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National Curriculum - Number and place value : Key Stage 2 : Mathematics Content Knowledge

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Key Stage 2
National Curriculum - Number and place value
Question 1 of 4

1. 1. How confident are you that you can

a. a. explain how place value extends to millions and beyond?


Once children are fluent in their understanding of units, tens, hundreds and thousands, they should begin to explore how the number system continues to develop with larger numbers. Place value headings beyond thousands are as follows:

Ten Millions Millions Hundred Thousands Ten Thousands Thousands Hundreds Tens Units

Most countries use a thin space to separate groups of thousands, and a ‘point’ as a decimal mark. In the US, commas are used to separate groups of thousands. (You will sometimes see this used in the UK in older materials.) Some countries use a comma as a decimal mark

Using this understanding, children should develop fluency in reading numbers such as 12 345 678. They should also be able to write numbers in figures when they are given in words, for example, six million, four hundred and two thousand and seventy six.

Children also need to be able to recognise the value of a digit in these large numbers and apply this understanding to arrange numbers in order of size.

What this might look like in the classroom

Question 1

Write in words the number 13 450 031

Answer 1

Thirteen million, four hundred and fifty thousand and thirty one

Question 2

What is the value of the red digit in the following number? Write your answer in words.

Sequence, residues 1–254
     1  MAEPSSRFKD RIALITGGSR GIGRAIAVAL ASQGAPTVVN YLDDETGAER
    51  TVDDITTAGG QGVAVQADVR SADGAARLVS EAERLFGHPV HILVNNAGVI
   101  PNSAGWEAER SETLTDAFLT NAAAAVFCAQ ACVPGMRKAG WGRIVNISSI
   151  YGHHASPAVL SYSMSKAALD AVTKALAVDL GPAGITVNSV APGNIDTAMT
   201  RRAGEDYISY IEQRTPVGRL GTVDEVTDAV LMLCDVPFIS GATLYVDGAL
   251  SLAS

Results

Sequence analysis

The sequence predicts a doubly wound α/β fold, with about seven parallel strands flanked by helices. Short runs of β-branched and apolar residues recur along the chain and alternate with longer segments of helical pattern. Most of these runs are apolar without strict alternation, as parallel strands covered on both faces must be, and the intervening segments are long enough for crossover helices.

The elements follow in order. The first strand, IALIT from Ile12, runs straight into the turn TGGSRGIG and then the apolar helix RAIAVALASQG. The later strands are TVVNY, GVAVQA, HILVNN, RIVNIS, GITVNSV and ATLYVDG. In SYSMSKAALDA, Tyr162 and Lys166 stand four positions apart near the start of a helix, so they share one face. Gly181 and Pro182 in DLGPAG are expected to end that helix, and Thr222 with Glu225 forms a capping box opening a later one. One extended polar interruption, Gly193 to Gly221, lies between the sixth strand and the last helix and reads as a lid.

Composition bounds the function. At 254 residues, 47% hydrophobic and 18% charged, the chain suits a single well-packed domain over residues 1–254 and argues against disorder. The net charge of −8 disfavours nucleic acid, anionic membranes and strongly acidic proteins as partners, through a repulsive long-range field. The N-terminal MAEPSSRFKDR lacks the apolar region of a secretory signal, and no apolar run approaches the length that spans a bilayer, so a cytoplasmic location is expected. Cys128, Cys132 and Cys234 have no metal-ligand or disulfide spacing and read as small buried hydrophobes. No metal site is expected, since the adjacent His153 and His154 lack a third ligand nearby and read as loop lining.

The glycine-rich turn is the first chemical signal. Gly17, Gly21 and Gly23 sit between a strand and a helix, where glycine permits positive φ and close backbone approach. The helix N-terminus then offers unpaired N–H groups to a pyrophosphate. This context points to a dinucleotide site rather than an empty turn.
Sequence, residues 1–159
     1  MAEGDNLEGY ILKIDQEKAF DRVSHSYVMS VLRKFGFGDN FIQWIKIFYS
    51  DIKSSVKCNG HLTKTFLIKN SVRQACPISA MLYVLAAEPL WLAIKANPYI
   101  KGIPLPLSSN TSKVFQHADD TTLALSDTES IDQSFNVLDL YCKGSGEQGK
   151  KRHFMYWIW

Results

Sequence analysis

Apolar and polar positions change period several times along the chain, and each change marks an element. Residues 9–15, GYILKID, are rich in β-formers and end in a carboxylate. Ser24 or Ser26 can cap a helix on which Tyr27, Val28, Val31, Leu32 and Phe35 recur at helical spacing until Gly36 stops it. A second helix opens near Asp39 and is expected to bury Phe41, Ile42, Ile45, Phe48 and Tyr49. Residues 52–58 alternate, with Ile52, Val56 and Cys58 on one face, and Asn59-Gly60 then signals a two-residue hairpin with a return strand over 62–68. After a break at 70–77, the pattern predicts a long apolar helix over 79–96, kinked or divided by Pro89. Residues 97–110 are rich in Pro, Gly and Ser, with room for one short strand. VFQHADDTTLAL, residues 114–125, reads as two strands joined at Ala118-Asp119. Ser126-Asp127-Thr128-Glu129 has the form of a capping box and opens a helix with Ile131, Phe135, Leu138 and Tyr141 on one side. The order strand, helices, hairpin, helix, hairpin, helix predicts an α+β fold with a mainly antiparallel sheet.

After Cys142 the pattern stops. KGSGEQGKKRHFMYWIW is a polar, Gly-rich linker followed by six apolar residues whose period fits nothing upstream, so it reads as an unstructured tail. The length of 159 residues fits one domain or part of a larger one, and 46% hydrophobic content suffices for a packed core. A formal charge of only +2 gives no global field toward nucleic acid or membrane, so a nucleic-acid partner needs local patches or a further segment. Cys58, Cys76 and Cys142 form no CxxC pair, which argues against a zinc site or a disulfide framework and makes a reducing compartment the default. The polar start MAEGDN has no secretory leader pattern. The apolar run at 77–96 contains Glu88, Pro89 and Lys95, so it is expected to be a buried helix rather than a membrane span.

9 439 702

Answer 2

Thirty thousand

Question 3

Write these numbers in order of size, starting with the smallest.

17 083 416
17 803 416
17 830 416
17 038 416
17 380 416

Answer 3

17 038 416
17 083 416
17 380 416
17 803 416
17 830 416

Taking this mathematics further

The decimal number system continues further of course. The next few place value headings are:

Hundred Billions Ten Billions Billions Hundred Millions Ten Millions Millions Hundred Thousands Ten Thousands
        TM M HTh TTh

Many children are fascinated by finding ever-larger numbers. Named by a nine-year old, a googol is a ‘one’ followed by one hundred zeroes. This number (10100) is far greater than the number of atoms in the universe (no more than 1080). A googolplex is a ‘one’ followed by a googol zeroes which is impossible to write down. Google is named after a googol, and their headquarters is known as the Googleplex.

The fact that a number can always be made bigger by adding another number to it results in the concept of infinity. Infinity is not a number, but a way of describing the concept that there is no limit to the number of numbers.

In the UK it was once the case that a billion was 1 000 000 000 000, while in the US 1 000 000 000 was a billion. In 1974 the UK adopted the US definition of one billion although many European countries still do not. Connected to this, there are still two ways of defining a trillion.

Making connections

Children will need to use their understanding of large numbers to solve problems involving rounding to the nearest one hundred thousand or to the nearest million.

In the future, pupils will begin to appreciate how the decimal number system is so named because it is based on powers of 10.

Ten Millions Millions Hundred Thousands Ten Thousands Thousands Hundreds Tens Units
10×10×10×10×10×10×10 10×10×10×10×10×10 10×10×10×10×10 10×10×10×10 10×10×10 10×10 10 10×110 or 10÷10
107 106 105 104 103 102 101 100

Using a different number as the base results in a different number system. For example, binary is ‘base-2’

128 64 32 16 8 4 2 1
2×2×2×2×2×2×2 2×2×2×2×2×2 2×2×2×2×2 2×2×2×2 2×2×2 2×2 2 12 or 2÷2
27 26 25 24 23 22 21 20

The number ‘twelve’ is 12 in base-10 and 1100 in binary

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